The pretinning solution is made by measuring a portion of the purged tartrate-phthalate solution into a flask, and slowly adding thereto a volume of the stannous chloride. It is preferable if a stir bar or similar mechanism is used to insure mixture of the stannous chloride as it is added to the buffer. Approximately one volume of stannous chloride to 100 volumes of buffer is used. The pH is continuously monitored, and once the stannous chloride has been added, the pH is adjusted to approximated 5.0, using 10N sodium hydroxide, and is then adjusted to 5.6±0.05 using 1N sodium hydroxide. All steps are undertaken in an oxygen free environment, and may be done while bubbling an inert gas through the solution. The resulting solution is purged of oxygen by bubbling an inert gas, such as nitrogen, helium or the like, through the substance.
Alternately, the antibody reducing solution can be made using other disulfide reducing agents such as 2-mercaptoethanol, 1,4 dithiothreitol, 2,3 dihydroxybutane-1, 4 dithiol, 2-aminoethanethiol HCl, 2-mercaptoethylamine, thioglycolate, cyanide, cysteine, or other disulfide splitting reagents.
The protein to be reduced is placed in a nitrogen purged, sealed vial. If monoclonal antibody or fragments thereof are to be labeled, a minimum of 0.1 mg, and preferably at least 2 mg of monoclonal antibody or fragments is used, at a concentration of 1 mg or more per ml, preferable 1.7 mg/ml. The monoclonal antibody, fragments or other protein may be diluted in normal saline, or concentrated by ultrafiltration, as may be necessary. To the protein, pretinning solution is added, in the approximate ratio of 3 volumes of protein to 2 volumes of pretinning solution. The vial containing the protein and pretinning solution is then allowed to incubate, preferably in an oxygen free environment, such as a container filled with nitrogen or another inert gas. The vial is allowed to incubate at room temperature for a period sufficient to allow reduction of the disulfide bonds in the protein. Generally, incubation for between fifteen and twenty-four hours at room temperature is adequate, with incubation for twenty-one hours at room temperature being preferred for most immunoglobulins. If the temperature is increased, the incubation time is decreased, and conversely, incubation at lower temperatures requires correspondingly longer incubation times. Incubation is terminated by freezing the admixture of protein and pretinning solution, or by proceeding immediately to purification.
When other reducing agents are used, such as 2-mercaptoethanol, 1,4 dithiothreitol, 2,3 dihydroxybutane-1,4 dithiol, 2-aminoethanethiol HCl, 2-mercaptoethylamine, thioglycolate, cyanide, cysteine, or other disulfide splitting reagents, the incubation time must be adjusted for the specific reducing agent being used. Generally, a shorter incubation time is required.
The admixture of protein and pretinning or other reducing solution is purified by size exclusion chromatography. A column is packed with an appropriate gel, such as Sephacryl-200 gel (Pharmacia, Piscataway, N.J.) for use with low molecular weight monoclonal antibody F(ab')2 fragments. The column is equilibrated with an appropriate elution buffer, such as phosphate buffered saline. The admixture of protein and reducing solution is applied to the column and fractionated, using the elution buffer. A fraction profile is generated using an ultraviolet detector or similar device, and the fractions containing the resulting protein to be radiolabeled are collected and pooled. The resulting reduced protein is concentrated, if necessary, preferably to a concentration of 1.7 mg/ml. Concentration can be accomplished by ultrafiltration. The resulting concentrate can also be dialyzed against normal saline to remove any residual stannous salts or other residual reducing agent.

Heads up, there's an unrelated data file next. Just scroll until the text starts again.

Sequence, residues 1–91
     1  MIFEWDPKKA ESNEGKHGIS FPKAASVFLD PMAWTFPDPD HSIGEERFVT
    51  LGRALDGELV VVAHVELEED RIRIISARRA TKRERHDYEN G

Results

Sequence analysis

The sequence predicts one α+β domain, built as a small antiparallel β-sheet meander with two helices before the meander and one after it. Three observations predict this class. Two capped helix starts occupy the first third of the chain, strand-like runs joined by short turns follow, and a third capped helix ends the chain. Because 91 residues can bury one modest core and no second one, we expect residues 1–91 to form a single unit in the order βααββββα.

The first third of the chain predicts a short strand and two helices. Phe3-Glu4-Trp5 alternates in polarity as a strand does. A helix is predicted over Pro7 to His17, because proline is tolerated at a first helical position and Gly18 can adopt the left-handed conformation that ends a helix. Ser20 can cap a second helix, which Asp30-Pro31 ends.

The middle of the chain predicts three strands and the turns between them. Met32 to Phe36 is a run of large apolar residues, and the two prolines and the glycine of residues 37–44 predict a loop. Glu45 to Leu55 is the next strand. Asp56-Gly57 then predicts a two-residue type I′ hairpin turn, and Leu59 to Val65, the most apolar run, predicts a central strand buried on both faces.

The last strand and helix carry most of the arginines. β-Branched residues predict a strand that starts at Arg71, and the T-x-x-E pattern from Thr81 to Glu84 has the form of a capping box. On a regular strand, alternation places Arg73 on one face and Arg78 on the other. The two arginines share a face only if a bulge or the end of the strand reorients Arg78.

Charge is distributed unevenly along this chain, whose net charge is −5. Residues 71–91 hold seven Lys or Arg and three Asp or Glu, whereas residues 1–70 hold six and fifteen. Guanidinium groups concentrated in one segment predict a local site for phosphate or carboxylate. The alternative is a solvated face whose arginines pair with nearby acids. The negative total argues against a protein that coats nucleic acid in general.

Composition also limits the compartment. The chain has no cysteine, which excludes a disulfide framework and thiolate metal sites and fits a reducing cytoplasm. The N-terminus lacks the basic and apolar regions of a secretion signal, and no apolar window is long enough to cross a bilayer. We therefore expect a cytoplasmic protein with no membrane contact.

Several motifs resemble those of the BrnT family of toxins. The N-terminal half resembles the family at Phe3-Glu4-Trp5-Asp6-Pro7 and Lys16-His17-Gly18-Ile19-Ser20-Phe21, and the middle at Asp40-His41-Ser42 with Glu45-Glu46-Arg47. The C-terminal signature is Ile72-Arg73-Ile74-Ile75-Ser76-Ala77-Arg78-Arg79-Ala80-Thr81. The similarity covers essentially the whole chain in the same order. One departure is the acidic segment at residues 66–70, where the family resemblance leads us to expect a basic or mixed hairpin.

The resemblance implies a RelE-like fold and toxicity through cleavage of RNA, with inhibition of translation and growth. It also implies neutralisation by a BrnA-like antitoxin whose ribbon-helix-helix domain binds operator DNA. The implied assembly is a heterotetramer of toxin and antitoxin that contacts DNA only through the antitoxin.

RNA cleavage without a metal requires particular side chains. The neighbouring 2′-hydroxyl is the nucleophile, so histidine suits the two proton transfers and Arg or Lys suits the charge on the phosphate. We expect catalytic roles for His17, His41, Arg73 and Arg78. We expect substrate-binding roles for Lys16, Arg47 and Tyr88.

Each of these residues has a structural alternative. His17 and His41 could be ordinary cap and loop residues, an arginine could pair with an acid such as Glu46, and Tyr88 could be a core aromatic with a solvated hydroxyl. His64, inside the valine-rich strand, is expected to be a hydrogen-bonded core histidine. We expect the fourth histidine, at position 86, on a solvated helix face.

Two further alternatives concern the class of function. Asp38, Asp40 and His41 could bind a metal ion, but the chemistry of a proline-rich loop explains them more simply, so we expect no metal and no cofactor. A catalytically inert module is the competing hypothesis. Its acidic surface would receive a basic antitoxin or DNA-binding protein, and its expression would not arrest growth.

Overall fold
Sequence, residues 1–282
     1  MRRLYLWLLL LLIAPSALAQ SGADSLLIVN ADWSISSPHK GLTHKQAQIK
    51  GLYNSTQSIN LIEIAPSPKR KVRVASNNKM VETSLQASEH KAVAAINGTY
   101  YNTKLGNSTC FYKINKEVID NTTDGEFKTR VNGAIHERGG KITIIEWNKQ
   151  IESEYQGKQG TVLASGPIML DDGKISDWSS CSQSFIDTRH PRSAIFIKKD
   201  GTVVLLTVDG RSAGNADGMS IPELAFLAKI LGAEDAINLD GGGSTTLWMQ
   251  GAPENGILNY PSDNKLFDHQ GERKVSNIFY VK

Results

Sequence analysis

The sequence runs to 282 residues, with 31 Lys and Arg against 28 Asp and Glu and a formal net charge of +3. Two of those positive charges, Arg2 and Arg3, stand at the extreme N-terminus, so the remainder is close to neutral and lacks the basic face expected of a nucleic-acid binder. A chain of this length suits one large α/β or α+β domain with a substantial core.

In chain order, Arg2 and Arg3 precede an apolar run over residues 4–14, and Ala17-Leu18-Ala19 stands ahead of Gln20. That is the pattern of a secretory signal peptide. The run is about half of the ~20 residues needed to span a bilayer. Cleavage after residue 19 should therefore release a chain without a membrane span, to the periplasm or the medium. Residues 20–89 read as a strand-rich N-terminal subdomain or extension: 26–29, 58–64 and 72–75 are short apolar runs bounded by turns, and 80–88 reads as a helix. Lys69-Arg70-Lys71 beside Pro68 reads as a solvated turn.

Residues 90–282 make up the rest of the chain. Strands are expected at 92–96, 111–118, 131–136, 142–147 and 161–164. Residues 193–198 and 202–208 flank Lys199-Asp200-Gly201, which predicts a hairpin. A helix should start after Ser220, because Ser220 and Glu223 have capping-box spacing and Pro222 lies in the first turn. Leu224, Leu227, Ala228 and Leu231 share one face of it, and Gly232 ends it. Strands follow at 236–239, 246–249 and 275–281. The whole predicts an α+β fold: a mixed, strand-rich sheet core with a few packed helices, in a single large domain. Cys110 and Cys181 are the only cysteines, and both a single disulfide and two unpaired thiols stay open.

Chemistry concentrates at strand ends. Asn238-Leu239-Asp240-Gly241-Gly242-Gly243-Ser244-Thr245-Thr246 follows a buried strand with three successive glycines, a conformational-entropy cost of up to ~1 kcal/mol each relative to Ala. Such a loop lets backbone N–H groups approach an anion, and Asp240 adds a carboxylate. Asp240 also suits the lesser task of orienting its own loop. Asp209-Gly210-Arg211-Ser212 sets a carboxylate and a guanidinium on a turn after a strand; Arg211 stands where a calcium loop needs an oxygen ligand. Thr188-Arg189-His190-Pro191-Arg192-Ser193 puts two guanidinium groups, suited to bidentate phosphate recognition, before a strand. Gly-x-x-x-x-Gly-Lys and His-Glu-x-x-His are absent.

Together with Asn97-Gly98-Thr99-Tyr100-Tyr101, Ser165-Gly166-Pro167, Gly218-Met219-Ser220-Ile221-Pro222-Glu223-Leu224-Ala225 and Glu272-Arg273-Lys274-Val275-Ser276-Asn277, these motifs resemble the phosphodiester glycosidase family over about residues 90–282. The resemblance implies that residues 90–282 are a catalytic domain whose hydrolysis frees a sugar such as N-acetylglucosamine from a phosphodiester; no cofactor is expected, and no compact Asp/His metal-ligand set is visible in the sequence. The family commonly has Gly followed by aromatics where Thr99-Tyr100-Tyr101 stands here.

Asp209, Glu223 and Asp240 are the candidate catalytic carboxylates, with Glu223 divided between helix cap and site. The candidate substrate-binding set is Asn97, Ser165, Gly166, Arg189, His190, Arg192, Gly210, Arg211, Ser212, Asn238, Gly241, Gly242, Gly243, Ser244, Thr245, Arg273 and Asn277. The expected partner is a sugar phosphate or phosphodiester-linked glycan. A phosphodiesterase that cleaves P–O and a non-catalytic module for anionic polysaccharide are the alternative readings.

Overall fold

Alternately, the admixture of pretinned protein and pretinning or other reducing solution may be purified by passage of the admixture through a desalting column, and collecting the reduced protein and discarding the stannous salts or other excess reducing reagents. The resulting eluant can be concentrated and dialyzed as required. This method will remove pretinning solution and other reducing reagents, but will not necessarily remove other impurities, such as smaller fragments of the protein resulting from over reduction of the disulfide bonds in the protein or aggregation of reduced proteins. These small fragments or large aggregates, in the case of monoclonal antibodies, may not be immunoreactive, or may have a biodistribution different than than of the desired protein, necessitating their removal from the final product.
Alternately, the admixture of reduced protein and pretinning or other reducing solution may also be purified by other means, including dialysis, ultrafiltration, precipitation, preparative high performance liquid chromatography, affinity chromatography, other forms of chromatography, and preparative isoelectric focusing.
The purified, reduced protein is then purged of oxygen, preferably by bubbling an inert gas such as nitrogen through the solution, and can be frozen in oxygen-purged vials. To each vial containing frozen protein solution, pertechnetate reducing solution is added, and the contents either immediately frozen or lyophilized, so that no reaction takes place between the frozen protein solution and the pertechnetate reducing solution. A non-oxidized tin pellet may also be added to the vial, which tin pellet will replace trace amounts of Sn+2 and help to stabilize the low concentration of stannous ions in the pertechnetate reducing solution, and to help prevent losses of radiolabel due to reoxidation during storage of the radiolabeled product. The pertechnetate reducing solution can be made as the pretinning solution was made, except that approximately one volume of stannous chloride at 0.5M is added to approximately 5,000 volumes of tartrate-phthalate solution, resulting in a pertechnetate reducing solution of approximately 0.1 millimolar. Approximately one volume of pertechnetate reducing solution is added to two volumes of purified, reduced protein. Optimally, the purified, reduced protein solution is at a concentration of approximately 1.7 mg/ml, and to each 1.32 ml of the purified, reduced protein solution, approximately 0.68 ml of pertechnetate reducing solution is added.